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Old July 4th, 2013, 05:59 PM   #1
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Camera settings for a new flyer

I am a new blackbird owner and I am trying to nail down the camera settings. Do you normally shoot pretty wide? How wide? I am solo, so focus is on me. What is the best approach? I know there is autofocus, but is there a better option? Is the only other choice setting for a certain distance and trying to keep the same distance from the subject? Thanks!
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Old July 30th, 2013, 01:26 PM   #2
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Re: Camera settings for a new flyer

Wow, over three hundred views and no one has commented. I really could use the help. By shooting wide, I did mean angle as in 35mm, 24mm, etc. I definitely did not mean aperture.
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Old July 30th, 2013, 02:19 PM   #3
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Re: Camera settings for a new flyer

Skip the autofocus and try to close the iris as much as possible. Go for deep focus. If your cam gives acceptable quality picture with added gain go for more gain in poor lighting conditions. In this way you have more range to let your object stay in focus. You'll kill drama if you have to stay at constant distance
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Old July 30th, 2013, 02:33 PM   #4
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Re: Camera settings for a new flyer

Thanks Ron. Is 24mm wide enough, or should I get something like a 14mm for outside stuff?
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Old July 31st, 2013, 01:11 AM   #5
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Re: Camera settings for a new flyer

Byron, one of the things that made commenting on your post a little difficult was that you asked a pretty vague question. You didn't indicate what camera you are using, which is relevant in terms of the depth of field characteristics of that particular size chip. You didn't say what type of projects you would be doing--weddings? narrative? documentary? All have different types of demands.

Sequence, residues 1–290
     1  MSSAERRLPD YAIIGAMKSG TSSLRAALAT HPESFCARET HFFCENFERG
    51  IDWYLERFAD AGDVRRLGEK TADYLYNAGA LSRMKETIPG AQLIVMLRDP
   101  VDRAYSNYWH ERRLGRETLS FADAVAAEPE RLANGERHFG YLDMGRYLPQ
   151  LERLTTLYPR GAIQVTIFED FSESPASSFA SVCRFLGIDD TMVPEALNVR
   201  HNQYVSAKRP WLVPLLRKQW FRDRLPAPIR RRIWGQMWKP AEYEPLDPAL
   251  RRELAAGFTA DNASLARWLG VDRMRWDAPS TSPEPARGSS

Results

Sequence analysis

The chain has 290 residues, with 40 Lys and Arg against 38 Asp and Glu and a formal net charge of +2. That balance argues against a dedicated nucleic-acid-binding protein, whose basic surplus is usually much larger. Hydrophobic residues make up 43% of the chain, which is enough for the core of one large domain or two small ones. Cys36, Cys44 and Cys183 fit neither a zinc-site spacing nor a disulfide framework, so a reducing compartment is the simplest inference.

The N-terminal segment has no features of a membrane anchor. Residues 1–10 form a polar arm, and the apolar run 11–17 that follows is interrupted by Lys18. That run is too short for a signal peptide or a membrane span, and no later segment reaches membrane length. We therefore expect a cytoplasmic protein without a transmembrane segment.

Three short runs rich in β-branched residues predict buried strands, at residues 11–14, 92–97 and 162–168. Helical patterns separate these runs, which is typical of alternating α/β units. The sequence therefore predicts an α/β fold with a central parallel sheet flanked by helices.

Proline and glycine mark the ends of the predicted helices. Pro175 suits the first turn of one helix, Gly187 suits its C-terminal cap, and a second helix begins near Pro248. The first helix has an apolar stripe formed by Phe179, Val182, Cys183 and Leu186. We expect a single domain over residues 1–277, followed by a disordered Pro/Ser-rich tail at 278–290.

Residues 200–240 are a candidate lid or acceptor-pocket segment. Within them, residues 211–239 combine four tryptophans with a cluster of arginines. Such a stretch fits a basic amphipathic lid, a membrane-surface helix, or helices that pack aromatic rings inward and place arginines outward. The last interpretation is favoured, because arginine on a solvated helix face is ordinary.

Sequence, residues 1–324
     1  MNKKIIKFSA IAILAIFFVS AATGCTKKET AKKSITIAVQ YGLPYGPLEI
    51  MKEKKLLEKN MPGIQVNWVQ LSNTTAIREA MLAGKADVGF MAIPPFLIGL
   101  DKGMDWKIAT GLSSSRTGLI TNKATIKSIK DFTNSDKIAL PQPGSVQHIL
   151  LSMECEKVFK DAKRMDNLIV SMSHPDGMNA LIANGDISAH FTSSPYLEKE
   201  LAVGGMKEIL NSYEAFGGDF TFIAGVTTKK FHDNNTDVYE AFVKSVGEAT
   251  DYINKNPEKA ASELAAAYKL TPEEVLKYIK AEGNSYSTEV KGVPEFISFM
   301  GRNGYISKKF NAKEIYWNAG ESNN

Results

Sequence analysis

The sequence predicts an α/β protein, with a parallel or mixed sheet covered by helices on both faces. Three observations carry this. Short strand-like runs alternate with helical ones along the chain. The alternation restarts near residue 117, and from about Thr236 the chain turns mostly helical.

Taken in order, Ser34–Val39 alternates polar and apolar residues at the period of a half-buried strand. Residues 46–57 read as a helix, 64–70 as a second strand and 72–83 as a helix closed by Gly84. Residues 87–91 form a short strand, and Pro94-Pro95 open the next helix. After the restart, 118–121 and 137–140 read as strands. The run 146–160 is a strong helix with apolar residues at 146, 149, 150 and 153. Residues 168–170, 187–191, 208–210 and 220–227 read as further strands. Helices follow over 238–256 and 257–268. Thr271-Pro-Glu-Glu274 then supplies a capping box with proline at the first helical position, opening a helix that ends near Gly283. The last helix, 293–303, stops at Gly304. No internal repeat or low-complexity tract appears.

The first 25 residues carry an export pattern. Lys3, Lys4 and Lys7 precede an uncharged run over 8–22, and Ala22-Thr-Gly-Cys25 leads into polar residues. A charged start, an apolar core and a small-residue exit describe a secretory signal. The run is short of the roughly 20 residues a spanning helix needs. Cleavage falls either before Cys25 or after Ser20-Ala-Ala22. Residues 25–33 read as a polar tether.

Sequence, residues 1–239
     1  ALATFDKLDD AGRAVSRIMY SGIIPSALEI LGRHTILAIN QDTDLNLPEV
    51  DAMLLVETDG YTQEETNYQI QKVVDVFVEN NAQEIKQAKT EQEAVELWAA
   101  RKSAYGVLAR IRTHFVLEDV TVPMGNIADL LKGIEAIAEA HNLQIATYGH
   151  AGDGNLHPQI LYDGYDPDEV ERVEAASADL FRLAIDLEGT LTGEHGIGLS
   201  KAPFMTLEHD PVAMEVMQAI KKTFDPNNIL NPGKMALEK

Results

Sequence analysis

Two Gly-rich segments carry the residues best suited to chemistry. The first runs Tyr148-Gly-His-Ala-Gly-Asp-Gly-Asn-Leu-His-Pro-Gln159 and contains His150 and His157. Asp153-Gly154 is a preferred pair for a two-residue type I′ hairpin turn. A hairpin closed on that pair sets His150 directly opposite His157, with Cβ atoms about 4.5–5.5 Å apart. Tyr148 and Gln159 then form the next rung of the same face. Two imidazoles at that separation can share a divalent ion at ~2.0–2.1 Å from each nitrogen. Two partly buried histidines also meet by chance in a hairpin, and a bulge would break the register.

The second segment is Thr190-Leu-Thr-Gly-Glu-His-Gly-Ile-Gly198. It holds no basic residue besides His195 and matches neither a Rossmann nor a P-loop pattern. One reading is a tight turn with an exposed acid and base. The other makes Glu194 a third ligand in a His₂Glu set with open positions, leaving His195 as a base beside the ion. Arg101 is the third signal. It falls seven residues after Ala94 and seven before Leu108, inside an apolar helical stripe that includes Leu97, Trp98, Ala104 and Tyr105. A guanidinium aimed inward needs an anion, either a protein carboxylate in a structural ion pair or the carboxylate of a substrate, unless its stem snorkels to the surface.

It's definitely a difficult combination, a large sensor camera in an environment where focus has to remain constant within a shot. As a point of comparison, when the Steadicam was invented it was a very short time after that the need for remote focus control was identified and resolved. In subsequent years, no-one would dream of shooting 35mm film without such a remote. Yet, now we have thousands of people flying stabilizers with cameras that have similar or less depth of field, and doing set-and-forget focusing. It's somewhat fascinating.

If you are shooting narrative and designing each shot, get yourself set up with software or an app that will allow you to calculate the depth of field available for a given focal length at a given distance and aperture (I use PCam). Properly applied, you can give your subject a range of distances to work within. For instance, on a Canon 7D with a 35mm lens at f5.6, setting the focus at 8 feet will deliver a range of 6'7" to 10'2. The best way to work with that information is to have your subject stand at those two distances, and take note of where the frame cuts them (in this instance, at the waist at the close focus and at the knees at the distant end). As long as you keep the subject within that range of sizes, you will remain in focus.